2. Producer farms are required to submit flock information sheets. Flock information sheets contain information regarding the feed and water withdrawal period which can influence evisceration accidents and carcass contamination. Flock information sheets also provide: information regarding vaccinations, disease outbreaks during the growth period; veterinary services and treatments; information regarding feed medications; and the on-farm mortality rate during the growth period. Establishment operators are responsible for establishing and maintaining computerized condemnation data on each producer delivering lots to the establishments. The CFIA Veterinarian-in-Charge has access to this information and can intervene as necessary to ensure control of any poultry that may have been exposed to hazards on the farm. The operator may use the information to guide adjustments in the slaughter and evisceration process in order to prevent anticipated problems. It is the operator's responsibility to decide on slaughter procedures and the CFIA Veterinarian-in-Charge to make decisions on disposition.
3. In MPIP poultry slaughter plants, incoming loads of live poultry are inspected by the CFIA Veterinarian-in-Charge (antemortem inspections) to evaluate the general health of the transported birds. Prior to evisceration, trained and accredited industry employees detect and remove all obviously condemnable carcasses to ensure only visibly acceptable carcasses are eviscerated and processing equipment contamination is minimized. Some visible defects associated with poultry are considered food safety hazards, while others are aesthetic flaws not linked to a human health hazard.
4. After evisceration, the poultry carcass and corresponding viscera are presented for cavity and viscera defect detection (postmortem inspection). Carcass presentation at postmortem inspection must be uniform and consistent given the high line speeds associated with processing. For this reason, presentations tests are carried out by the processing establishment and CFIA inspectors perform independent verification tests of the hourly presentation tests.
5. Carcass cavity and viscera are inspected for defects by trained and accredited establishment employees. All carcasses with identified defects are either disposed of, trimmed or redirected to the Veterinarian-in-Charge for inspection and final disposition. The CFIA has established the average prevalence of internal and external carcass defects and viscera defects immediately after inspection. The CFIA inspector evaluates the performance of the establishment defect detectors by sampling inspected carcasses and comparing the results of his inspection against acceptable quality limits.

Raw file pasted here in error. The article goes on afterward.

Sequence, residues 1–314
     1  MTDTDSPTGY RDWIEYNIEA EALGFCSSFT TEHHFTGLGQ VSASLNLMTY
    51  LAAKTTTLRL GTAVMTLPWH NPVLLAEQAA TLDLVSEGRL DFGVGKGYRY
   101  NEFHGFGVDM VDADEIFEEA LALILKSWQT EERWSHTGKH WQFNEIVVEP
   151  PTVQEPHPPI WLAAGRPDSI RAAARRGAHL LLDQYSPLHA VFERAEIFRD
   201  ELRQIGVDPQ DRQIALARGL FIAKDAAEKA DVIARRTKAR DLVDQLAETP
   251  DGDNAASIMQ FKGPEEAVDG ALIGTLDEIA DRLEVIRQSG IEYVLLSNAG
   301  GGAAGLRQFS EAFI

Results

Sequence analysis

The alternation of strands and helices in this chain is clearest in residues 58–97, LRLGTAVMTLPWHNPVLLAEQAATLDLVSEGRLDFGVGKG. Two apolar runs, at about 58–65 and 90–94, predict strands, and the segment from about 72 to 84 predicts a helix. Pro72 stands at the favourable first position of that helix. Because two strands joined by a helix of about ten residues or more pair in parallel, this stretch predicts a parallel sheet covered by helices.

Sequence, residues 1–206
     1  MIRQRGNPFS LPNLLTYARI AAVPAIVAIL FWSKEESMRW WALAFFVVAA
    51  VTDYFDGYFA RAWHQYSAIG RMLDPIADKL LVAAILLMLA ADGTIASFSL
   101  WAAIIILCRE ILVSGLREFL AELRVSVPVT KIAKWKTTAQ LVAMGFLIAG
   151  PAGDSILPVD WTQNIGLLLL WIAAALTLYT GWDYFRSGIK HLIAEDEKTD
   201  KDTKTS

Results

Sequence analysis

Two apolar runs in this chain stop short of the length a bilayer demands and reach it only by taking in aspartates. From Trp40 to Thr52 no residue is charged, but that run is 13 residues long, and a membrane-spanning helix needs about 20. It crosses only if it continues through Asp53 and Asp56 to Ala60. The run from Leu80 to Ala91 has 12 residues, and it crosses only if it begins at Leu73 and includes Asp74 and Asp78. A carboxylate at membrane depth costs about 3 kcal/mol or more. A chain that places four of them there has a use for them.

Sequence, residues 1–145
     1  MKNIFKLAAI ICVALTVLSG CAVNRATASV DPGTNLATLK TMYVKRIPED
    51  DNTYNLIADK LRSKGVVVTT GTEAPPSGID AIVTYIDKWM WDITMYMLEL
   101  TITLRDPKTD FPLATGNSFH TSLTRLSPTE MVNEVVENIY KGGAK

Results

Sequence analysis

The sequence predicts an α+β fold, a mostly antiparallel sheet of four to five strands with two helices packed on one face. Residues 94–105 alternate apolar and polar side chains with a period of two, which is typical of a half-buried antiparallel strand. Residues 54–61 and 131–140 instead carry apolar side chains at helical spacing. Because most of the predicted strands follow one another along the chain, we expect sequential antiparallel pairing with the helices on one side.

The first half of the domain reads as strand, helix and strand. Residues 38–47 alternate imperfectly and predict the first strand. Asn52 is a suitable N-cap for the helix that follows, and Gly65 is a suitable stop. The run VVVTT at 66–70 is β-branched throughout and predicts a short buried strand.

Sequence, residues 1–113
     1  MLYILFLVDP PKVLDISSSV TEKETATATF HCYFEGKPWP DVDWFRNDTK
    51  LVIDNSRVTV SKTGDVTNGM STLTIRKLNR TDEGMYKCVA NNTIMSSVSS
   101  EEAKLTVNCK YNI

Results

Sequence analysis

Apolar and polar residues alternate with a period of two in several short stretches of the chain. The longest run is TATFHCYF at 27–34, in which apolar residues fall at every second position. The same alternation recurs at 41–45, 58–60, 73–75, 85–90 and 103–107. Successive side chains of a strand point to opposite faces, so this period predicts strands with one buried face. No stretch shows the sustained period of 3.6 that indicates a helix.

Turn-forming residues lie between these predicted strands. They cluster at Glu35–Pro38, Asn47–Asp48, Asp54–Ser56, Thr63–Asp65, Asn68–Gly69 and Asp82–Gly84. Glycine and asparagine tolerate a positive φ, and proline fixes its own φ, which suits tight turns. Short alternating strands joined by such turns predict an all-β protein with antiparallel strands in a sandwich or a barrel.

6. Prior to and after chilling, poultry carcasses are monitored by establishment employees for compliance with Finished Product Standards for quality defects. These standards reflect the zero-tolerance requirement for visible faecal contamination. CFIA inspectors verify that extraneous material is not being picked up during the chilling process.
7. MPIP includes the microbial testing of chilled raw poultry carcasses. E.coli is used as an objective indicator of the general level of operational hygiene. Interim Action Levels are intended to specifically provide an initial basis upon which slaughter establishments and the CFIA staff can begin to use microbial testing to evaluate the adequacy of establishment process controls. Salmonella spp Interim Action Level indicates control over the level of this pathogen on chilled poultry carcasses prior to shipping. The microbial criteria (IALs) for these two organisms were established from a national baseline survey referred to as the Canadian Microbiological Survey of Chicken Broiler and Young Turkey Carcasses.
8. Until an equivalency agreement with the United States is negotiated, MPIP establishments are required to have one CFIA inspector on each slaughter line to inspect all poultry carcasses if they want to remain eligible to export to the United States.
9. In summary, the four pillars of MPIP are:
- HACCP system to ensure a controlled process to eliminate or reduce biological, chemical and physical hazards;
- Mandatory submission of flock information sheets;
- Postmortem inspection by trained and accredited industry defect-detector personnel rather than by government inspectors; and
- Microbiological testing for generic E. coli and Salmonella to assess establishment sanitation and hygiene and pathogen reduction.
10. There are various steps for implementing the MPIP. Canadian establishments operating under MPIP must meet the following requirements:
- Operate under a CFIA recognized HACCP System;
- test for generic E. coli as a verification of slaughter procedures and Critical Control Points; and
- test for Salmonella spp to verify the operators HACCP system's effectiveness in achieving Pathogen Reduction Goals
11. The transition to MPIP is done in three phases.
- Phase 1 - Implementation: Implementation begins after a CFIA preliminary assessment of a volunteer plant's eligibility to participate in the modified inspection program.. Baseline data are collected and analyzed before MPIP implementation. A list of requirements, "Area MPIP Implementation Team On-site Review" must be satisfactorily completed prior to advancing to Phase 2. These requirements include: a HACCP system with ongoing E. coli and Salmonella spp. testing and analysis of results; establishment Quality Control staff and sufficient establishment carcass (preselectors), cavity and viscera detectors are trained and qualified. CFIA maintains the same number of on-line government inspection stations as existed under the previous system of postmortem inspection at the establishment.